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On a Mac I can go to the start and end of an line in vi, when not in INSERT mode:

^ (start of line)
$ (end of line)

This is for example explained here: How do I do “end” , “home”, “page up” and “page down” in my terminal/VIM editor?

But how do I go to the beginning and end of an line in vi, when in INSERT mode?

cmd+/ scrolls between windows
alt+ goes backwards one word
ctrl+/ does nothing
shift+/ goes backwards/forwards one word
ctrl+cmd+/ goes backwards/forwards one word
fn+left/ goes to the beginning/end of the terminal buffer

Summary of solution provided by @romainl below:
Terminal > Preferences > Settings > Keyboard > +
Key: Home, Modifier: None, Action: Send Text, \017^
Key: End, Modifier: None, Action: Send Text, \017$

I found this very neat solution, which saves a key stroke: Move to the beginning of line while in Insert mode.

ctrl+o followed by 0 (home) or $ (end) or ^ (first non-white-space character)

And here is a very elaborate answer: Traversing text in Insert mode

  • Your person view points does not really add anything of value to the question. Can you remove this commentary and focus on what your question is exactly? – Ramhound Apr 25 '14 at 16:05
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First, you are not supposed to move the cursor around when in insert mode.

Second, only some Mac keyboards come without <Home>/<End> keys. You should have taken a closer look before shelling out all that cash for a computer that's so painful to use.

Third, you can use the following shortcuts when you don't have physical <Home>/<End> keys:

  • fn+ for <Home>
  • fn+ for <End>

Fourth, Terminal.app captures <Home>/<End> anyway so you'll have to edit those bindings in the "preferences" window if you want Vim to receive <Home> and <End>.

For <Home>, press Ctrl+o (it inserts \017) then ^:

Home

For <End>, press Ctrl+o (it inserts \017) then $:

End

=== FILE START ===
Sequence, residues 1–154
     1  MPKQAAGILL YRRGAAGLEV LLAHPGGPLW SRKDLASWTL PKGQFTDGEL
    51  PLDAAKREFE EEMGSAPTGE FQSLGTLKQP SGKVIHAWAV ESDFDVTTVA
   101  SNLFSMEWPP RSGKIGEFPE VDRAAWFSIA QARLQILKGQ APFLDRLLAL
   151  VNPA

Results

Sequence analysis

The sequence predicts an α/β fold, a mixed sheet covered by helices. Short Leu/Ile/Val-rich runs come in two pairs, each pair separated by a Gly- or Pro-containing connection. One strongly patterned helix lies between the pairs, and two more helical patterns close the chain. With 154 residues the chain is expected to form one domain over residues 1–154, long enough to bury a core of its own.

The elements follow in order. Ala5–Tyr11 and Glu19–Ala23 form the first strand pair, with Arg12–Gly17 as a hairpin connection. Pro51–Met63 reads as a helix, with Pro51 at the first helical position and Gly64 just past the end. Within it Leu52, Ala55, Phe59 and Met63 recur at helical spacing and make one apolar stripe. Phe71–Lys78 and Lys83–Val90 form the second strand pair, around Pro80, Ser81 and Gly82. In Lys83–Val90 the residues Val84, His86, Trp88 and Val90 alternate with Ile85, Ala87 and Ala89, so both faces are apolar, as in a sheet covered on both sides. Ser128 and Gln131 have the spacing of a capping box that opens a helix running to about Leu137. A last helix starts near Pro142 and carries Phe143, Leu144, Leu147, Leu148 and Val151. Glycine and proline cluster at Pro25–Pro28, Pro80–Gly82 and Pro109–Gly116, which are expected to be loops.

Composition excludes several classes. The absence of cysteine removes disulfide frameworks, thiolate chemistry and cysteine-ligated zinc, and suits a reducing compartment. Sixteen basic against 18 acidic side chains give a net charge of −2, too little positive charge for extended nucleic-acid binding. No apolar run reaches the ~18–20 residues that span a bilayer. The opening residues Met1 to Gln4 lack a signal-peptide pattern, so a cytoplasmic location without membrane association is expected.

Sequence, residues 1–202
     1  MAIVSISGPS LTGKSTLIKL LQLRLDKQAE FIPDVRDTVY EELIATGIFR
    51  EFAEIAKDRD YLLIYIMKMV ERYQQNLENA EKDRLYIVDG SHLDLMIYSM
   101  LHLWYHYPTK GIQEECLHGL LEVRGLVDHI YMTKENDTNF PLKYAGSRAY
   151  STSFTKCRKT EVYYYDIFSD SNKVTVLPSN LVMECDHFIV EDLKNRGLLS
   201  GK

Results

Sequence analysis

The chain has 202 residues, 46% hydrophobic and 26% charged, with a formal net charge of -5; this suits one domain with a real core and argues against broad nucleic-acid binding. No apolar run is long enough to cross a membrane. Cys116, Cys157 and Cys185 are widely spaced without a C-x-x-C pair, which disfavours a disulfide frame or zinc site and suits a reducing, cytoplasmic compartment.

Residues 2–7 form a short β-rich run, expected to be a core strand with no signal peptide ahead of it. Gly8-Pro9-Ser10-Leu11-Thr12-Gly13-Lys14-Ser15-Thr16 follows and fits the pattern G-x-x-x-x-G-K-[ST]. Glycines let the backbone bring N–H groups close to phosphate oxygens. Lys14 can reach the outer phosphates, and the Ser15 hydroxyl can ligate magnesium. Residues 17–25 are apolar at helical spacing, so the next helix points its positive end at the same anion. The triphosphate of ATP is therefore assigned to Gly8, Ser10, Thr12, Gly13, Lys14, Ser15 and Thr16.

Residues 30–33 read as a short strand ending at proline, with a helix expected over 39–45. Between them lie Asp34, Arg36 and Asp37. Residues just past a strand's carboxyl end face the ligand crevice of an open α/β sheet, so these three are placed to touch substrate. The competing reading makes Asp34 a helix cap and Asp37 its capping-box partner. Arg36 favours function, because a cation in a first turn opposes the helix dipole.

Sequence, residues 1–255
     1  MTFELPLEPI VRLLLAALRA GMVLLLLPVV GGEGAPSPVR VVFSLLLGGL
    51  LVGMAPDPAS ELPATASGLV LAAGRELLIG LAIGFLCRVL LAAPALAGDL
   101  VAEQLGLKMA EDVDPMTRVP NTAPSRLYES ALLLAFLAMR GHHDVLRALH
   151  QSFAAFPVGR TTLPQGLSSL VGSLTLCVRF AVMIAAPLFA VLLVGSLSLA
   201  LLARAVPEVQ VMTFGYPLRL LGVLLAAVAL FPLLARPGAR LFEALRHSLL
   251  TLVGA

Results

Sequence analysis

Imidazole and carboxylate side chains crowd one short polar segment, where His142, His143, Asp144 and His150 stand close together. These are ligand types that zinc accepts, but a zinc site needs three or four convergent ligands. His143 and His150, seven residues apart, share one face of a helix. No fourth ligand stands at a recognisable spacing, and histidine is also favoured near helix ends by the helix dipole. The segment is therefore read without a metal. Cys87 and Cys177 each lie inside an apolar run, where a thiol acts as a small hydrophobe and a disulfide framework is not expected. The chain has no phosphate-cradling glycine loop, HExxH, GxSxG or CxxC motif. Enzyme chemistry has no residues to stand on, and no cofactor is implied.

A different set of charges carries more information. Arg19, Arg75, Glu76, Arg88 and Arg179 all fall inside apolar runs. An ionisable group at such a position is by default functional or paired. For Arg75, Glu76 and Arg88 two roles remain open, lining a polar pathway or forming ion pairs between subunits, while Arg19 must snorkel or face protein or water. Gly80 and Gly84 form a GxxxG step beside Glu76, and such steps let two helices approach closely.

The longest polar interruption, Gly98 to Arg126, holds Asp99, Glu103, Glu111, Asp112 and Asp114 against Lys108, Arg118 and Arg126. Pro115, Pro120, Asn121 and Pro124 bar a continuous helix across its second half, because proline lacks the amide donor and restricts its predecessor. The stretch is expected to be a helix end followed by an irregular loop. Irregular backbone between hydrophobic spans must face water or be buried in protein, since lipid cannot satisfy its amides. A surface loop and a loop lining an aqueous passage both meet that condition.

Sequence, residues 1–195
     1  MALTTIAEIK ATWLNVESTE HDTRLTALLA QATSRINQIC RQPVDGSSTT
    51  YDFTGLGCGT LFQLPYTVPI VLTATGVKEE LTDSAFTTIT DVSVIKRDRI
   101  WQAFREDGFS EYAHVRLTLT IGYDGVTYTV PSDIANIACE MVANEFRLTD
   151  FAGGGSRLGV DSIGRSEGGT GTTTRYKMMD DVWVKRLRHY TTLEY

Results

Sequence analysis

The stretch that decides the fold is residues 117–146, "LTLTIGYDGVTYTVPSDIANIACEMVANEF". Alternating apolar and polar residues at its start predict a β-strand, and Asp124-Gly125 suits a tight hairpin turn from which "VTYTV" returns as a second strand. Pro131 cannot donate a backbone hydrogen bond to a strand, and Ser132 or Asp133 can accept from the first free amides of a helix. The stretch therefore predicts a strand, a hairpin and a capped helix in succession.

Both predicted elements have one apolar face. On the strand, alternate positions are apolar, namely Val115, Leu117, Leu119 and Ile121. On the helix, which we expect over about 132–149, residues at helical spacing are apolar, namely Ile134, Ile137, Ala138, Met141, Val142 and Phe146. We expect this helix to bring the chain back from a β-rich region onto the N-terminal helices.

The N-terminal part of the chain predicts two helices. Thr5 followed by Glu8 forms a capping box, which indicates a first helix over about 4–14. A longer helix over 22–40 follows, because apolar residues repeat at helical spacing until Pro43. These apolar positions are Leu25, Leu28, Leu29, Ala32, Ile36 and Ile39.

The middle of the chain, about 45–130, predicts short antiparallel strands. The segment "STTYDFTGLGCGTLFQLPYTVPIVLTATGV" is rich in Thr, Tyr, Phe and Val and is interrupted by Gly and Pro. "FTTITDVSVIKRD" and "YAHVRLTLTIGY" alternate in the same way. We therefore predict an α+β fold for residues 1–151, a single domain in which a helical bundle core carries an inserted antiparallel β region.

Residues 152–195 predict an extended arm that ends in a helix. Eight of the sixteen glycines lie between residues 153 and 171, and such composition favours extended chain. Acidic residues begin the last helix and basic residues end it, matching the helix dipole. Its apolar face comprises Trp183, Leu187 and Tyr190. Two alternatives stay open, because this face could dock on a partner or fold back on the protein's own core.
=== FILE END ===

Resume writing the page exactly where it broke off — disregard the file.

• 0) Thanks. Worked. You are genius. 1) I can on Linux and Windows, so I want to be able to on Mac. 2) Wanted Unix based OS and work only supports Ubuntu, which I like much less than Mint, which I run on my PC at home. 3) Thanks. Doesn't work in INSERT mode. 4) Thanks for the solution. I have added a short summary of your solution to my question. Thanks! – tommy.carstensen Apr 29 '14 at 9:32
  • I just have to be careful not pressing the home key, when on the terminal command line, because the written command is executed, if I press home or end; i.e. after applying your fix. – tommy.carstensen Apr 29 '14 at 9:55
  • You could set iterm up so that it sends a very special sequence and map that sequence in Vim. – romainl Apr 29 '14 at 10:02
  • I will try that. If I do \033[F for End and \033[H for Home, then Home and End works in the terminal, but not in Vim. – tommy.carstensen Apr 29 '14 at 10:56
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The system gvimrc file distributed with MacVim has two sets of mappings. One is enabled by default, the other disabled. Curiously, neither contains a command to go to the start/end of the line in Insert mode, but it is still worth taking a look:

:e $VIM/gvimrc

You could add something to your vimrc file like this:

inoremap <D-Left> <Home>
inoremap <D-Right> <End>

A little test shows that this works in the GUI but not the terminal, so maybe that should go in your gvimrc file. How about

inoremap <C-V><S-Left> <Home>
inoremap <C-V><S-Right> <End>

Where you do NOT type those commands literally: <C-V> is one character and <S-Left> is another. On my machine, using Mac's Terminal.app, I get the same effect with this, typed literally:

inoremap <Esc>OC <End>
inoremap <Esc>OD <Home>

When using the GUI, this may get overwritten by the settings in the system gvimrc file.

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